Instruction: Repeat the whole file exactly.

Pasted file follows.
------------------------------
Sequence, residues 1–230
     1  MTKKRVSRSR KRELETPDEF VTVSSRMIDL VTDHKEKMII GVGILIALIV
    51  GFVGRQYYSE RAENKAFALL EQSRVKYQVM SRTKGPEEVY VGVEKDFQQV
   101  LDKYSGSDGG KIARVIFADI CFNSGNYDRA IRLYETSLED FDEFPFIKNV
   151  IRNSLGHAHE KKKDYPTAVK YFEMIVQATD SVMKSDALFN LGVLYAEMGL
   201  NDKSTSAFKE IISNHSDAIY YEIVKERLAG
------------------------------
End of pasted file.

Sequence, residues 1–230
     1  MTKKRVSRSR KRELETPDEF VTVSSRMIDL VTDHKEKMII GVGILIALIV
    51  GFVGRQYYSE RAENKAFALL EQSRVKYQVM SRTKGPEEVY VGVEKDFQQV
   101  LDKYSGSDGG KIARVIFADI CFNSGNYDRA IRLYETSLED FDEFPFIKNV
   151  IRNSLGHAHE KKKDYPTAVK YFEMIVQATD SVMKSDALFN LGVLYAEMGL
   201  NDKSTSAFKE IISNHSDAIY YEIVKERLAG